# MPG Calculations

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#### Terry Bennett

I have a worksheet used for calculating vehicle fuel economy statistics.
The columns are:

A - Date
B - Mileometer reading
C - Amount of fuel added
D - Whether tank full or not ("Y" if full / blank if not)

In column E I want to display the Miles Per Gallon (MPG) based upon the most
recent fill-up. Hence, if the tank was filled, I need to devise a formula
that refers back to when it was last full (ie; when column C last had a "Y"
entered) and then subtracts today's mileage from that in column B when the
tank was last full. If the tank was not full then column E remains blank
until next time it is full.

I can only think of using VLOOKUP for this but not quite sure how as there
will be many instances of "Y" in column C - I just need the most recent.

Any ideas?

Thanks.

Terry Bennett

D

#### Dave

Hi Terry,
For mpg calculations, you don't really need to consider whether the tank was
full when you started, unless you have a very small sample of data.
All you really need is total miles divided by total gallons. Each time you
put petrol in, whether you fill it or not, just record the gallons and the
miles. The more miles and gallons you record, the less it will matter what
state of fill the tank was in when you began.
Regards - Dave.

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#### T. Valko

Based on this data tell me what results you would expect:

......Miles.....Gals.....Filled = Y.....MPG
......1000.......12..................................
......1367.......11.........Y......................
......1623.......10..................................
......1972.......14.........Y................??...
......2200.......13..................................
......2500.......10..................................
......2833.......12.........Y................??...

T

#### Terry Bennett

Biff

The first reading would be (1972-1367)/(10+14) = 25.21.

The second would be (2833 - 1972)/(13+10+12) = 24.6.

Thanks.

Terry

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#### Terry Bennett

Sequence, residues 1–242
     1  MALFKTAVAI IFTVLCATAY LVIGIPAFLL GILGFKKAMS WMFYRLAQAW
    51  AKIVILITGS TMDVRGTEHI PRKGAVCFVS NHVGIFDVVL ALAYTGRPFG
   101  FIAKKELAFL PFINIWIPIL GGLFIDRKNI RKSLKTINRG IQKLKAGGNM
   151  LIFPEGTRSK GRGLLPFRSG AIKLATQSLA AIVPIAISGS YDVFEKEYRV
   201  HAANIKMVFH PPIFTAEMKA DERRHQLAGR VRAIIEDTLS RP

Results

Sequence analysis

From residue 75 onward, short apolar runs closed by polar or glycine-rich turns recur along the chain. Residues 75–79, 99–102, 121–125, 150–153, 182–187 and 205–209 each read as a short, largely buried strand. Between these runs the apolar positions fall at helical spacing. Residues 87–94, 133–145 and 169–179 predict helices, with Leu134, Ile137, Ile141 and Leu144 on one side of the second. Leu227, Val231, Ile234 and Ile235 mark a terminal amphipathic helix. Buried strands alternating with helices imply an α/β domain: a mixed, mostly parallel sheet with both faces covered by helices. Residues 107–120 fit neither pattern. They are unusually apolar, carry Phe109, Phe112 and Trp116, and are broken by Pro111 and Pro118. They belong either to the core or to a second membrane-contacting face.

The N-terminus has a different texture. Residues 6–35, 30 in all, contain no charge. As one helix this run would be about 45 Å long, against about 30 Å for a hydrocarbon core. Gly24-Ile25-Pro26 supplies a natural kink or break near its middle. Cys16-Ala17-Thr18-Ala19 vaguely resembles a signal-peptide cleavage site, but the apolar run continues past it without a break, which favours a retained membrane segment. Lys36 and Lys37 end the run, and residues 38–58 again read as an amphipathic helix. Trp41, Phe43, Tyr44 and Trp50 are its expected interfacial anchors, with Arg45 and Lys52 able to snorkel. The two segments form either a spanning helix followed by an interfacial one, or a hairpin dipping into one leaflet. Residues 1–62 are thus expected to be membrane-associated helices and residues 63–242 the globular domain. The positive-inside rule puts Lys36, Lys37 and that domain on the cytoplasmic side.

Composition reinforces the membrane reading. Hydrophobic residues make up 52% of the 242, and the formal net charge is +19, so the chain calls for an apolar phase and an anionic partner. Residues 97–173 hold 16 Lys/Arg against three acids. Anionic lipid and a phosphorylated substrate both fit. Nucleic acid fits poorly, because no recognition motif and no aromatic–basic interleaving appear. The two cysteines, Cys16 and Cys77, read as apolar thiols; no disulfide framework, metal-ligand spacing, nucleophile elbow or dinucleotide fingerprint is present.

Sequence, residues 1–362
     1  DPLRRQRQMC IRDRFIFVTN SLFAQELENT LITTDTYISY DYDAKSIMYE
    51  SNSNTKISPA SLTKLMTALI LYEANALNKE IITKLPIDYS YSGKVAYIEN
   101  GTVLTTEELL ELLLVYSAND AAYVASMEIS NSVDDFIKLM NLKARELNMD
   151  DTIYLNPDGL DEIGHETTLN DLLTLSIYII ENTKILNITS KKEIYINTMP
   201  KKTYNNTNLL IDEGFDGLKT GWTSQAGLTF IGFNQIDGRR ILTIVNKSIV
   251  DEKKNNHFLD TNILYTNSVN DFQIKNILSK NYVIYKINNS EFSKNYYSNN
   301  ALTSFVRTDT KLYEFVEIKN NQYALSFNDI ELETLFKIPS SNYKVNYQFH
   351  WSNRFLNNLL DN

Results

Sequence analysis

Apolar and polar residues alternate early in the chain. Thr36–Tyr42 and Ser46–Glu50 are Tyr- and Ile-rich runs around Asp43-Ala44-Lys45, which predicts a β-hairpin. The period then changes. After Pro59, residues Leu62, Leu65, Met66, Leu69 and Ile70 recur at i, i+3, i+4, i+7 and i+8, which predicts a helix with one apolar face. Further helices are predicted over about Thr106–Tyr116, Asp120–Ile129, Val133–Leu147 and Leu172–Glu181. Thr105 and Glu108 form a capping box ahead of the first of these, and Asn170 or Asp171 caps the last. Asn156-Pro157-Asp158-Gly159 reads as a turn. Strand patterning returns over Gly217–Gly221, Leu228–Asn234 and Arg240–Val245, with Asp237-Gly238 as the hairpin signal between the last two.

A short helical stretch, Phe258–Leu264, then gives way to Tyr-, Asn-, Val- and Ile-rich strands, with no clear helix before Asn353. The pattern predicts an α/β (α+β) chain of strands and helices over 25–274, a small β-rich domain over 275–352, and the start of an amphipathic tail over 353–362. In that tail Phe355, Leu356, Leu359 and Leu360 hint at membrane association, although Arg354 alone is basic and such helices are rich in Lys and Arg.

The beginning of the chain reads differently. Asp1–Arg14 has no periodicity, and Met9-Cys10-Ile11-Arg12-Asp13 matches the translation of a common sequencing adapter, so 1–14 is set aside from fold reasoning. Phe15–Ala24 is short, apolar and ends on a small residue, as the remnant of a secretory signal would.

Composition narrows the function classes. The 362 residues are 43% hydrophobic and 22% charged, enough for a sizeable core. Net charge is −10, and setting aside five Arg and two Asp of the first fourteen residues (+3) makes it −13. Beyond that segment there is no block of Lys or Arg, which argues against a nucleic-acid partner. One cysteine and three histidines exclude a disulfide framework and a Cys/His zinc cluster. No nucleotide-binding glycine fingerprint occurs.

Dave

The vehicles in question are buses with large tanks that do relatively small
mileages. I also need to monitor the MPG per trip rather than an overall
figure.

Terry

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#### T. Valko

Ok, based on that sample table I posted...

A11 = column headers

Enter this formula in E2 and copy down as needed:

=IF(COUNTIF(D\$22,"Y")<=1,"",IF(D2="","",ROUND((B2-LOOKUP(2,1/(D\$11="Y"),B\$1:B1))/SUM(C2:INDEX(C\$1:C2,MATCH("zzz",D\$11)+1)),2)))

You'll notice that there are some references to the header row. This is
intentional.

T

#### Terry Bennett

Biff

That seems to have cracked it!

Just for my enlightenment, what is the reference to "zzz"? Is that some
form of wildcard?

Many thanks!

Terry

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#### T. Valko

what is the reference to "zzz"?

That's used to find the last instance of "Y" in column D.

....MATCH("zzz",D\$11)

How it works...

MATCH has 3 arguments to it. The 3rd argument tells it what type of search
to use for the lookup value. If the 3rd argument is not specified or omitted
(as I have done) it defaults to a match type of 1 meaning the lookup array
is sorted and if an exact match is not found it will match the closest value
that is less than the lookup value.

Using the match type 1, if the lookup value is greater than any value in the
lookup array the match will be made at the *last* value in the lookup array
that is less than the lookup value. This works for both numeric values and
TEXT values.

Think of the alphabet. A, B, C,...X, Y, Z

Our lookup value is "zzz". The only entries in column D will be the letter
"Y". The lookup value "zzz" is greater than "Y" so the match is made at the
*last* "Y" in the lookup array. The *last* "Y" is found depending on how far
down the column the formula is copied to.

This might seem kind of confusing at first but if you read it a few times or
try some tests it'll (eventually) make sense!

T

#### Terry Bennett

Biff

Many thanks for the explanation. I get your drift although I need to
unscramble the larger formula to make sense of it all bit by bit.

I always find my excursions to this forum to be humbling experiences.
Although I understand most aspects of Excel pretty well and am more
proficient at it that 99% of the people I work with, whenever I come on here
99% of the participants are better at it than I am!!! Good for coming back
down to earth I guess!

Terry